• Cindy O | MombasaWorks

"Mombasa didn't work for me" | Founder no. 5 (Mikul Shah)

Updated: Feb 7

We were delighted to have Mikul Shah join us for the last event of 2019. Mikul is founder and CEO of EatOut Kenya, Yummy Magazine Africa & Nomad Magazine. He’s also behind some of the coolest foodie festivals in the region. He is an alumnus of the Stanford Graduate School Of Business SEED program and The University of Manchester. He currently also serves as an advisor to the board of UAP Old Mutual and Africa Technology Ventures Fund.

Mikul is an alumnus of Mombasa Academy, where he spent all of his formal school years (and met his wife Ami!). He founded EatOut Kenya in 2010, his 'oldest' startup, which sits at the nexus of tech, food and beverage, and media, and has since branched into hospitality and travel publication.

The discussion was moderated by Allamano, who was expert miner of information and lessons for us all.

This summary is going to read a little different than previous ones. Mikul very generously articulated his top 6 mistakes that he made along the way as a startup entrepreneur. These are lessons for us all that I am sharing below, peppered with excerpts from our discussion and my personal reflections on the same.



1. Getting the team right


Tech is the buzzword at the moment. Everyone wants to be a tech-entrepreneur and hence it’s logical to assume that tech startups need a super team of techies. I couldn’t disagree more. A start-up is like any other business and hence requires a good mix of sales & marketing people, financers, lawyers and more. If you’re a dream team of five PHP or PYTHON developers, you should be worried!”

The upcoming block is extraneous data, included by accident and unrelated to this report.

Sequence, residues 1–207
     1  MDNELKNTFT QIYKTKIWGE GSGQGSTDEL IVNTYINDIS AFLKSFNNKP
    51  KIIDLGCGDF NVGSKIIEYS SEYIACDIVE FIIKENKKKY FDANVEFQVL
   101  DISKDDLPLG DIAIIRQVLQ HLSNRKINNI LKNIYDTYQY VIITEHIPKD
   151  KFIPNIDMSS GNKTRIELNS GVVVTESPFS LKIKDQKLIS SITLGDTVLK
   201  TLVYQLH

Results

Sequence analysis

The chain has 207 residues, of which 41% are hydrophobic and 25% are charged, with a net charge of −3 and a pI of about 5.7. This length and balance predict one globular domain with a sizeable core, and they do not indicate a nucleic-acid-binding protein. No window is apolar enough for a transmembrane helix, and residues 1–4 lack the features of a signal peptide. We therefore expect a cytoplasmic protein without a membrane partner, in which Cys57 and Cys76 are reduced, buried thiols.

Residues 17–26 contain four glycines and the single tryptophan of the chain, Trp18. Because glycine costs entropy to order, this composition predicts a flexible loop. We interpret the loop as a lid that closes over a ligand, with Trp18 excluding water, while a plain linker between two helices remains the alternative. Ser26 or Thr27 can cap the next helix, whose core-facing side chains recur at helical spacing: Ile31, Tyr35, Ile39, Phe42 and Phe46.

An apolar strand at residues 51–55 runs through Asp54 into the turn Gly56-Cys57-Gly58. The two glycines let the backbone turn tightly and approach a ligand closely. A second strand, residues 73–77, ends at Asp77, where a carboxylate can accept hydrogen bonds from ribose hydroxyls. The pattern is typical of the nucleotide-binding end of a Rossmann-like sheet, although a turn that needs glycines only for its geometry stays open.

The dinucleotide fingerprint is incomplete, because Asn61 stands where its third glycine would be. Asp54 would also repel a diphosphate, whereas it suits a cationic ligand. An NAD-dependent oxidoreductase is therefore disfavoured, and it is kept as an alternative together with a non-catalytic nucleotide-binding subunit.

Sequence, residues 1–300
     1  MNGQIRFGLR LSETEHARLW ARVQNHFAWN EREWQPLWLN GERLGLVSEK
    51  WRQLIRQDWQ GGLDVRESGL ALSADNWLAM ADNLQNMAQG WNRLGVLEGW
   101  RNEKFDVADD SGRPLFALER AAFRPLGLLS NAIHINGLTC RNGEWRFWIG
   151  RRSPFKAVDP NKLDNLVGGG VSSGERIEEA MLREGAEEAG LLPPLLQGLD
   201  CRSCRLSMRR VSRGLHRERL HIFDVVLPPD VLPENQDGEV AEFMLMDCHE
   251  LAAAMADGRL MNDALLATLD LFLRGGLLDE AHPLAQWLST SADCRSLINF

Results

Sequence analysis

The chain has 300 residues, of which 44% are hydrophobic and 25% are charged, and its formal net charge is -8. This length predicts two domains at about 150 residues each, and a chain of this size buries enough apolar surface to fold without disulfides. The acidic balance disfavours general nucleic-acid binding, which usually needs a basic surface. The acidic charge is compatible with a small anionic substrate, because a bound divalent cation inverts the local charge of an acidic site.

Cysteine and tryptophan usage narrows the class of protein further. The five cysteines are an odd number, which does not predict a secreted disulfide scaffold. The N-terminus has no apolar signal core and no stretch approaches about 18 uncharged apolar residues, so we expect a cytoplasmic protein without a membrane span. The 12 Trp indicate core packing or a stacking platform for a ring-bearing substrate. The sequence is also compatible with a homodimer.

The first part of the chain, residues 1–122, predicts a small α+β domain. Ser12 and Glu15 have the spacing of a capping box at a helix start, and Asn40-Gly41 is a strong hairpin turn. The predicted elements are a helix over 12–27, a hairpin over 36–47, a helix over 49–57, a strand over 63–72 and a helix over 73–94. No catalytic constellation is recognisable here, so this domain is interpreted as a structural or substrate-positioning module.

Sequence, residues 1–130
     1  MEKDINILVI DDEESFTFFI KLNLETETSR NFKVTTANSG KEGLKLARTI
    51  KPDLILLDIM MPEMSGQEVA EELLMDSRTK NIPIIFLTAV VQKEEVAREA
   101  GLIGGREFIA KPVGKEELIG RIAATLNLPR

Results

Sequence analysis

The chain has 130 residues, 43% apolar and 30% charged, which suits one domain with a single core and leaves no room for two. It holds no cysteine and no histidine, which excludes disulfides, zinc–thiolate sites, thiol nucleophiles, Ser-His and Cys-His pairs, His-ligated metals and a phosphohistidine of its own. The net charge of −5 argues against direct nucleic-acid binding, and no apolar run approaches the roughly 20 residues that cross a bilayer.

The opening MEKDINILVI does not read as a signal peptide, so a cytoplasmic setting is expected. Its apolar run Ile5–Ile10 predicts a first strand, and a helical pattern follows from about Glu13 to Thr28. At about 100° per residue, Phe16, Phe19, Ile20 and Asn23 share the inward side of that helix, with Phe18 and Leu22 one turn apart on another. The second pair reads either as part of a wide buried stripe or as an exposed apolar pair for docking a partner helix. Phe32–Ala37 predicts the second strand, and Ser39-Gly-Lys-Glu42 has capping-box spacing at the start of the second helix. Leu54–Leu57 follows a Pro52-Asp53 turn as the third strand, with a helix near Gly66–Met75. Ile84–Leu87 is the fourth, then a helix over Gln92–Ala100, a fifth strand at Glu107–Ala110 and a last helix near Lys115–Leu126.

“Do you find the people or do you work on your idea alone?” This was the question. Echoing almost all the founders we’ve had on the series so far, the consensus seems to be to not build a company alone. Mikul’s advice was to find a co-founder who brings a skill set you are lacking; invest heavily in your team particularly your management team; get a formal MBA education if you can, and make your organisation a fun place to work at.

There is a widespread academic and popular consensus that startups perform better when launched by a team of co-founders rather than a solo founder. Brings to mind the old African proverb about going further together, rather than quickly alone.

But some recent research on US-based startups suggests companies started by solo founders survive longer and generate more revenue than co-founder teams. Arguably not as fun though. Still on the subject of fun…


2. Losing Your Focus


“Sitting in a room, sipping on crap coffee and brainstorming on the whiteboard is arguably the most fun part of what we do. We come with hundreds of new ideas every week but the truth is that we all have limited time and resources, which is why we need to focus and prioritize. Settling on a clear focus — your product, your audience, your strategy — is critical from day one.”

Idea hacking is fun. You feel as though you are busy, but perhaps this isn’t the most effective use of your time when there are still assumptions to test and customers to understand. Do not diversify was the clear message. It seems so contrary to what we hear, or what feels almost instinctual to minimize our own risk. But I personally love this lesson, because it’s one we often all need reminding of.


3. Not thinking from the customers’ point of view


Every so often, take a step back and look at your business from your customers’ point of view. iPad apps are cool but not when none of your customer’s have iPads! We are often caught up in our want to build the next Facebook and constantly dreaming about the next ground-breaking, world changing feature! What we should be doing is speaking to our customers and analyzing how our business is meeting their needs.